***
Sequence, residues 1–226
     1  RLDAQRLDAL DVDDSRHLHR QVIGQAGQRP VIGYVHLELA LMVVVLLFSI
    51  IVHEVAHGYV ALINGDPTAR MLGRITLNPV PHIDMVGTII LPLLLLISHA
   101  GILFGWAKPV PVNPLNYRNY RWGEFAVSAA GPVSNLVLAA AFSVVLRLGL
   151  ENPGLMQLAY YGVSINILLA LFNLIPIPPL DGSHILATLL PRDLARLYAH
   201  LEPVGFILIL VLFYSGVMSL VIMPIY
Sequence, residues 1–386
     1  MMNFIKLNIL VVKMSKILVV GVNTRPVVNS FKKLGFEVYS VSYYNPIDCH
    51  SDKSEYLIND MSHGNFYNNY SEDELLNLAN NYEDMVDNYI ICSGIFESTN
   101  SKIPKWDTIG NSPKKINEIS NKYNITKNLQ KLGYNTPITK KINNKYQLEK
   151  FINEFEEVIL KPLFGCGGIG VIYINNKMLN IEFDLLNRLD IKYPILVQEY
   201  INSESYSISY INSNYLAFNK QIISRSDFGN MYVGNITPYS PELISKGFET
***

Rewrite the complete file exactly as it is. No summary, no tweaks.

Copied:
Sequence, residues 1–226
     1  RLDAQRLDAL DVDDSRHLHR QVIGQAGQRP VIGYVHLELA LMVVVLLFSI
    51  IVHEVAHGYV ALINGDPTAR MLGRITLNPV PHIDMVGTII LPLLLLISHA
   101  GILFGWAKPV PVNPLNYRNY RWGEFAVSAA GPVSNLVLAA AFSVVLRLGL
   151  ENPGLMQLAY YGVSINILLA LFNLIPIPPL DGSHILATLL PRDLARLYAH
   201  LEPVGFILIL VLFYSGVMSL VIMPIY
Sequence, residues 1–386
     1  MMNFIKLNIL VVKMSKILVV GVNTRPVVNS FKKLGFEVYS VSYYNPIDCH
    51  SDKSEYLIND MSHGNFYNNY SEDELLNLAN NYEDMVDNYI ICSGIFESTN
   101  SKIPKWDTIG NSPKKINEIS NKYNITKNLQ KLGYNTPITK KINNKYQLEK
   151  FINEFEEVIL KPLFGCGGIG VIYINNKMLN IEFDLLNRLD IKYPILVQEY
   201  INSESYSISY INSNYLAFNK QIISRSDFGN MYVGNITPYS PELISKGFET